We deluded ourselves by projecting qualities onto a handful of politicians who have no intention of embodying them.
For Ethiopians, a key takeaway from the past five years is that our politics should have encouraged skeptical views rooted in the conviction that the best way to appreciate any political leader is to humanize and politicize them, not to sanctify them.
The Perilous Slide: from a Champion of Reform to an Oromo-Dominated Dictatorship
Abiy Ahmed’s occupation of Ethiopia’s most exalted political office has led to his demystification. A man with a messianic complex, he has failed abysmally in fixing our country’s hydra-headed national problems. Sadly, his aides and acolytes are not helping matters. They have continued to bury their heads in the sand regarding the dangerous and pitiable political situation into which the rudderless Abiy Ahmed – led government got Ethiopia.
Even by the standards of Ethiopia’s perpetually unstable politics, the last five years in the country have been exceptionally turbulent. Ethnic genocide of Amharas in Oromia, government-sponsored ethnic cleansing campaigns through displacement (in Oromia region and Addis Ababa), civil war, abysmal poverty, massive corruption, and a sense of entitlement among the Oromo ruling elites: Ethiopians have been left feeling like so many things have spiraled out of control and that those charged with addressing them can’t – or won’t – fix them. To put it simply: Ethiopia is facing a crisis on top of a crisis.
In just five years, Prime Minister Abiy Ahmed has morphed from being Ethiopia’s expected Messiah to the most pathologically and shambolically misfit head of government this nation ever had. After 27 years of TPLF dictatorship, Ethiopians, in their worst omniscient mistake, never bargained for the unfolding shenanigans coiling around their polity like poison ivy. Prime Minister Abiy is rowing backward badly in the rough waters of Ethiopia’s politics.
His political promises are disappearing into a plughole of amnesia. Ethiopians’ hope that Abiy Ahmed will remoralize a demoralized and broken political culture is but now a sinking, wishful thinking. Our impulse has now shifted from hope to despair, from an excess of trust to an excess of suspicion; many exalted his integrity, but he has shamed all by his failure. The huge sense of his political malice is hurting millions of trusting lives who trusted him.
Our raving anxiety is slipping into despair at losing an irreplaceable opportunity. The seed of our collective peril is frighteningly imminent. We are entering the zone of a tragedy of which Abiy Ahmed alone must be the villain. Consider this. An apathetic public now watches the erosion of a great historical nation into global nonentity. Abiy has singlehandedly unplugged from the immediate priorities besetting this nation to embrace the fantasy of Oromization.
A band of satanically energized rag-tag cowards masquerading as Oromo liberators continue to cleanse ethnic Amharas in the Oromia region. Abiy Ahmed and Shimelis Abdisa, President of the Oromia Regional State, comply with the ongoing Amhara genocide In Oromia by ignoring the ongoing brutal massacres and massive displacement. Millions of Ethiopians are shocked and awed while Abiy continues to embrace an over-cautious, timid, cumulative process of unacceptable placidity with the ongoing Amhara Genocide in Oromia region, the recent massive expulsion of residents in and around Addis Ababa, his cover-up for the recent attack on Ethiopian Orthodox Church. There is a thorough absence of millions of struggling Ethiopians, those unseen others who inhabit the other side of the political divide. I mean those unseen others who are daily mired in poverty, helplessness, decay, and pessimism – the very victims of the insecurity and massive government-sponsored displacement blighting Ethiopia and, recently, in and around the capital Addis Ababa.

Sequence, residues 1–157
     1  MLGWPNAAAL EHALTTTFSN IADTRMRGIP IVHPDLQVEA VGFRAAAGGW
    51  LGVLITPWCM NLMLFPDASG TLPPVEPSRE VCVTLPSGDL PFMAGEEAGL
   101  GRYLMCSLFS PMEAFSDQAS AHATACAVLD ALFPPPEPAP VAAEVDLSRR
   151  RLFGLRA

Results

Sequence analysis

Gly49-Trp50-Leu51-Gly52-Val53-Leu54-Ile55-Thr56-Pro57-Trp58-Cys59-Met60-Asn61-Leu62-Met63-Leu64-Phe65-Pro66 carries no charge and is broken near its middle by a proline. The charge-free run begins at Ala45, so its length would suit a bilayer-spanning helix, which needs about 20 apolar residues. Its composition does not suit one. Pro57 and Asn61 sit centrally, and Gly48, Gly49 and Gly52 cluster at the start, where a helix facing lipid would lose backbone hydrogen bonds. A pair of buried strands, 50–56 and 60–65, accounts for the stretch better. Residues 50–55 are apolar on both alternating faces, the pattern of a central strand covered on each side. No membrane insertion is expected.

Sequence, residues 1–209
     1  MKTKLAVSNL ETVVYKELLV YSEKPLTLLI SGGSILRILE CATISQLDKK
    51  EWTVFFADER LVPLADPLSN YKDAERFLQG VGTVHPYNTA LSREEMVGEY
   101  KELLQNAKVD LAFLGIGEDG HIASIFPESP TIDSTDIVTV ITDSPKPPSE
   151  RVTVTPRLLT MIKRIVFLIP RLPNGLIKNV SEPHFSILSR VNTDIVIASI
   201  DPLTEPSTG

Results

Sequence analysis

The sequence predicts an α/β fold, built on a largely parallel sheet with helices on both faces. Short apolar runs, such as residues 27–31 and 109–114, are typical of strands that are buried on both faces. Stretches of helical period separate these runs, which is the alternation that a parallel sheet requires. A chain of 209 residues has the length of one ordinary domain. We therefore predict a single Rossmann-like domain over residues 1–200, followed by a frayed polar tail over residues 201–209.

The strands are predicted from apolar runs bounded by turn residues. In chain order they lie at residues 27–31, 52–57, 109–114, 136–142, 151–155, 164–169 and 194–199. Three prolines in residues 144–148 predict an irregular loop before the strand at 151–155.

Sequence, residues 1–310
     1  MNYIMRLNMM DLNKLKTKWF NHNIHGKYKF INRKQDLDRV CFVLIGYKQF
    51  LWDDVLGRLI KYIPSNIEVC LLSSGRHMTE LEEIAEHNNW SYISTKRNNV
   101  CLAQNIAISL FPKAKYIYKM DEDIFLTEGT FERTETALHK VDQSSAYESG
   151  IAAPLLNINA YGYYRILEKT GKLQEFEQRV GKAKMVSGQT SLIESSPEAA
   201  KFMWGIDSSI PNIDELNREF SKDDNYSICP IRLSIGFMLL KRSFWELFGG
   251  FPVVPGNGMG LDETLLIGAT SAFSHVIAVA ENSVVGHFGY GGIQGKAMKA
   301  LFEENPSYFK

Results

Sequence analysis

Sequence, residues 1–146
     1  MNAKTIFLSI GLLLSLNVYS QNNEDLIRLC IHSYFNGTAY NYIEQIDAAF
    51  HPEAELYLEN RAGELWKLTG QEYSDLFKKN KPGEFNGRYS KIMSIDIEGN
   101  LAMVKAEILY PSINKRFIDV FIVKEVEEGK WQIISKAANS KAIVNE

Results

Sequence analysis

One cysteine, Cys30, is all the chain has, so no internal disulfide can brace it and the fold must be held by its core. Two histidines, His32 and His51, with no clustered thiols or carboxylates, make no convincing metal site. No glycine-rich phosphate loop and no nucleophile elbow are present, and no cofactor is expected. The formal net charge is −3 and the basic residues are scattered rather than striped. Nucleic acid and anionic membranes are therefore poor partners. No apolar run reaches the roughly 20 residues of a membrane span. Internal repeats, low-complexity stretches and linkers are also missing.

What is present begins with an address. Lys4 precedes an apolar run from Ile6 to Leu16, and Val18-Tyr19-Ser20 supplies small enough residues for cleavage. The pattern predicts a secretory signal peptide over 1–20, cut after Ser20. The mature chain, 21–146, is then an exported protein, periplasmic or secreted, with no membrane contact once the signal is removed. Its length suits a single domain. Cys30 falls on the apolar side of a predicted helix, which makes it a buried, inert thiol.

Abiy’s politics of isolating the public through fanatic Oromo-centric elitism presents a clear and present danger to the integrity of Ethiopia’s statehood. The recent government-sponsored attacks on the Ethiopian orthodox church and the Oromia regional state government’s brazen acts of engulfing Addis Ababa are enough fodder to ignite a social and political revolution. How can Ethiopians remain suppliant in the face of unabated Amhara massacre at a genocidal scale, engulfment of Addis Ababa, mass insecurity, poverty, the demonization of popular protests, starvation, stupidity, incompetent leadership, tyranny, armed kidnappers, Oromo hegemony and police impunity?
Targeted ethnic attacks mainly on Amharas, a deep-seated political crisis exacerbated ethnic, regional, religious, and class cleavages. It was further compounded by the economic crisis that the country is immersed in. This, coupled with the attempt by a hegemonic bloc within the Oromo Prosperity Party to dominate the state and society through the Oromization of power, the willful manipulation and subversion of public institutions, and the brutal repression (sometimes elimination) of opposition groups (journalists and activists) is pushing Ethiopia to the point of no return. The purported “reform” of the Abiy regime and its drive against “Anti-reform elements” and “agents of foreign powers” assumed an acidic irony that ate deep into the state of siege, tension, and anxiety.